Baldwin sits at the convergence of two different worlds, at least from a soil perspective. This drastically affects the vegetation that is native and will thrive over time.
Most of the township sits squarely in the Anoka Sand Plain, with a small piece in the southeastern corner along Sandy Lake in the Elk River Moraine.
What plants are native to the Anoka Sand Plain is a point of contention between foresters like Steve Nelson, who allege the soil composition calls for young forests and small plant specialists, like Prairie Restoration’s Josh Richardson, who claims prairie grasses are native. I discussed the prairie side of the argument in a post last week.
“The trouble is is that nobody had ever identified where the [prairie] oak savanna was in the Anoka Sand Plain,” said Nelson, and it turns out none of it is in Baldwin Township.
In fact, according to recent soil samples of the 650,000 acres of the Anoka Sand Plain only 5% is prairie oak savanna and all of it is along the edge of the plain.
This is because the Anoka Sand Plain is the refuge from what was once a string of glacial lakes that pushed coarse, heavy sand to its shores, depositing lighter, fine sand in its center as it dried out. The coarse, sandy soil is known as mollisol among soil specialists; the fine sand that encompasses the majority of Baldwin is called entisol.
The piece of Baldwin in the Elk River Moraine is comprised of Alfisol, or old forest soil, which is also more suited to trees than prairie.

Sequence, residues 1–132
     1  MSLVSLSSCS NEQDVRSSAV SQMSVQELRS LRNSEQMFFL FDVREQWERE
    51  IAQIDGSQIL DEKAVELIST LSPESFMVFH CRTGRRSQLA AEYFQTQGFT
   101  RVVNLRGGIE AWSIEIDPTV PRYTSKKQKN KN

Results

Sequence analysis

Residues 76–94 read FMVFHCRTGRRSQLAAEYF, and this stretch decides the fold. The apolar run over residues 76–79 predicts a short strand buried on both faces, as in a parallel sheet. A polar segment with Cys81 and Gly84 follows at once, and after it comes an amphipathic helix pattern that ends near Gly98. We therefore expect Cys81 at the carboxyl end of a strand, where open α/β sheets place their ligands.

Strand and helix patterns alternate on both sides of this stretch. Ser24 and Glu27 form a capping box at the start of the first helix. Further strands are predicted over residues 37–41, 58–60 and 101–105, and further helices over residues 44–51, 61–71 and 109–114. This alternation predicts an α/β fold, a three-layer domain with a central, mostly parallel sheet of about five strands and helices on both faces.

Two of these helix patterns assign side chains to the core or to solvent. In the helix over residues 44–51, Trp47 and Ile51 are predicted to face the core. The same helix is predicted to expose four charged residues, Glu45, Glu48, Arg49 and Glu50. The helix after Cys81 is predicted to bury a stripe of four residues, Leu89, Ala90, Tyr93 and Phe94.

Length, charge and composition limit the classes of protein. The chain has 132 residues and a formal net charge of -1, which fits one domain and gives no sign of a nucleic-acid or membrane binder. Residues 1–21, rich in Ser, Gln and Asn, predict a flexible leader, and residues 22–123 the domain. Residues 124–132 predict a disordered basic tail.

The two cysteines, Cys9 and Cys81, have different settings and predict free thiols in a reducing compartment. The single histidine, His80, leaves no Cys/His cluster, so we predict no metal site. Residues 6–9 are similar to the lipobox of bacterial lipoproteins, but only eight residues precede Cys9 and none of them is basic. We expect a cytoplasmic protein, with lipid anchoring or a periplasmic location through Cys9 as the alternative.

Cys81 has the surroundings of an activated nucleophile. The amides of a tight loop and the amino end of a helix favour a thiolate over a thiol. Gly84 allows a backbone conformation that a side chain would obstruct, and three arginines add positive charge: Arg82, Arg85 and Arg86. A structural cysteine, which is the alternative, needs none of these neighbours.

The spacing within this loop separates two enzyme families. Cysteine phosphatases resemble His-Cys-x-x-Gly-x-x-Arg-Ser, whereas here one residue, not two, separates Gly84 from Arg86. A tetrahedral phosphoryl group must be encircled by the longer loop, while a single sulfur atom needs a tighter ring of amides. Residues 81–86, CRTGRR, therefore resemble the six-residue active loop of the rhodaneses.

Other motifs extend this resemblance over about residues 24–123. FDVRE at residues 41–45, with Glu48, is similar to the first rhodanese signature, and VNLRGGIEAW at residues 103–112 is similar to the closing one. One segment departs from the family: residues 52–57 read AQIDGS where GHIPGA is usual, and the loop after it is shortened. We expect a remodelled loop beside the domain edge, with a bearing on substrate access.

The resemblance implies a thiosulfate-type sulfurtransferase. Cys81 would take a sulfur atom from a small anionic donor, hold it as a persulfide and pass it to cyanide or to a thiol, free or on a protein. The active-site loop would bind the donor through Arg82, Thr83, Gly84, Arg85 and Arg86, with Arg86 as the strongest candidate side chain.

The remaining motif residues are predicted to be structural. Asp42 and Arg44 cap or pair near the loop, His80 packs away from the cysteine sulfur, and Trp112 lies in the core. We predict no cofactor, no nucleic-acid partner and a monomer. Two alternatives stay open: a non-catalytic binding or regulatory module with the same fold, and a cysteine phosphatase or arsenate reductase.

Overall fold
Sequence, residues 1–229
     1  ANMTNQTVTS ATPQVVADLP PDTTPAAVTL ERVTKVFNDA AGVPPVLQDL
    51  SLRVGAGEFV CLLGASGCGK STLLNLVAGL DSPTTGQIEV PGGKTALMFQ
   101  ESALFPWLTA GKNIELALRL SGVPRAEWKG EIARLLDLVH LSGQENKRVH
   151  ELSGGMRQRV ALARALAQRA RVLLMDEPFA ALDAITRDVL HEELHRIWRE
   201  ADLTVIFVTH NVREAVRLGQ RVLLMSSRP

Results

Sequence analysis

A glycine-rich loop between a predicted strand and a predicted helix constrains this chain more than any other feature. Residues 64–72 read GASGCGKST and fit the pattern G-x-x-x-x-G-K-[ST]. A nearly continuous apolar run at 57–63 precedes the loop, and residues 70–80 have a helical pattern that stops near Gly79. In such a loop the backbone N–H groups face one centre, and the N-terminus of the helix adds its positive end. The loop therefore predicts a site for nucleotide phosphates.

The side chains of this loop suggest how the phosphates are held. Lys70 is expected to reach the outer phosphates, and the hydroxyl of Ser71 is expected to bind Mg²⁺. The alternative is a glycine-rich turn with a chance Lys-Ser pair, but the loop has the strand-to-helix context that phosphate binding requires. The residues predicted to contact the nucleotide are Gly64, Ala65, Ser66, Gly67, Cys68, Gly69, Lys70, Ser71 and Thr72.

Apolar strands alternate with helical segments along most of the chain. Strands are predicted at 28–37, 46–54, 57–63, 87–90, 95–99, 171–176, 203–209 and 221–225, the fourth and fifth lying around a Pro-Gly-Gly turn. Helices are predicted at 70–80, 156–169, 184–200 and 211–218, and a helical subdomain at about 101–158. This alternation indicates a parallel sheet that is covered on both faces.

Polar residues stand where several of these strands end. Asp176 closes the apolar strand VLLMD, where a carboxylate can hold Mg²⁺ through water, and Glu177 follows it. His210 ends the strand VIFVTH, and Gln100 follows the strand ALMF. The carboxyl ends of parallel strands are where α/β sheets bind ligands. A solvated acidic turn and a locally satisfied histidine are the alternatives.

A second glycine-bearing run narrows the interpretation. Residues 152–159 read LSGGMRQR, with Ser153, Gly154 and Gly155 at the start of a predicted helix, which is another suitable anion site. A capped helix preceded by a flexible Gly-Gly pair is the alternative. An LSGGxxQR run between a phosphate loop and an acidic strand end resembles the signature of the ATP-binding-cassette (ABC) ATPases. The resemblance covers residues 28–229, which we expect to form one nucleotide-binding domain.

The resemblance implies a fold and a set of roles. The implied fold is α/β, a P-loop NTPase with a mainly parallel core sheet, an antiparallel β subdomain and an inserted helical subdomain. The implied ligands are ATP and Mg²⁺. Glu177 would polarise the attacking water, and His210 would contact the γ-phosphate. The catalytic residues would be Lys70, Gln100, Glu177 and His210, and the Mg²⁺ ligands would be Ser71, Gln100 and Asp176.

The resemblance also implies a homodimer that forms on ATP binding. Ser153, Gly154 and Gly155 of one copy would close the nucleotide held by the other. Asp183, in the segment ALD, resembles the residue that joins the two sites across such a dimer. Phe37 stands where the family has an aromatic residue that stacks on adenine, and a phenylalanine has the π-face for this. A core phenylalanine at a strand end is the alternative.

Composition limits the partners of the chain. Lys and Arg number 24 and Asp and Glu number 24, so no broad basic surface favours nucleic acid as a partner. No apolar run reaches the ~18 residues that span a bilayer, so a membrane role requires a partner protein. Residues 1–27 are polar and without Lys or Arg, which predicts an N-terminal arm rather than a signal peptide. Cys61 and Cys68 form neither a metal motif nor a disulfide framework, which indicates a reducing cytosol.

From there, the argument becomes simple for foresters: soil type depicts the vegetation that belongs within it.
Mollisols are a mix of coarse sand and organic matter in which prairies are meant to grow. The organic matter is renewed by wildfires or controlled burns, which help prairies restore themselves.
Entisols consists of basically nothing but fine sand and are only suitable for young forests. They do not benefit from controlled burns.
This seems like just a battle between academics until you consider what is at stake — millions of tax dollars that have been spent over the last 20 years to restore prairie oak savanna throughout the Anoka Sand Plain in many places where Nelson says it never belonged in the first place.
And doing so in places such the Sherburne Wildlife Refuge — which is comprised primarily of entisol soil — has led to an increase in oak wilt disease that Nelson contends threatens native trees in other areas within the state.
The oak wilt problem is compounded by several factors. Natural Oak Savanna is comprised of a variety of oak types, but burning entisol soil that contains a variety of oak seedlings kills the seedlings. Then, as northern pin oaks are replanted, the non-native oak savanna becomes dominated by one type of tree, otherwise known as a monoculture. This monoculture is more susceptible to disease, especially once the bark of its trees have been scoured by fire.
Instead of controlled burns in these areas, foresters like Nelson recommend passive oak wilt control.
“This sounds like letting nature take its course, but it actually means speeding up nature taking its course via harvesting, usually up to a cover type change,” Nelson writes.
When it comes down to it, foresters like Nelson are simply arguing that restoring prairie where it doesn’t belong is not sustainable. Native prairies should renew themselves overtime, but prairies planted in entisols will not.
What plants does he recommend for Baldwin’s open spaces, as well as the average resident looking for sustainable plants for their backyard?
The majority of Baldwin is well suited for mixed oaks, hardwoods and conifers such as red, jack and white pine, as well as red cedar forest.
The Southeastern corner near Sandy Lake is well suited for mixed deciduous and coniferous trees, such as quaking aspen, spruce, white pine, basswood, sugar maple, northern red oak and balsam fir.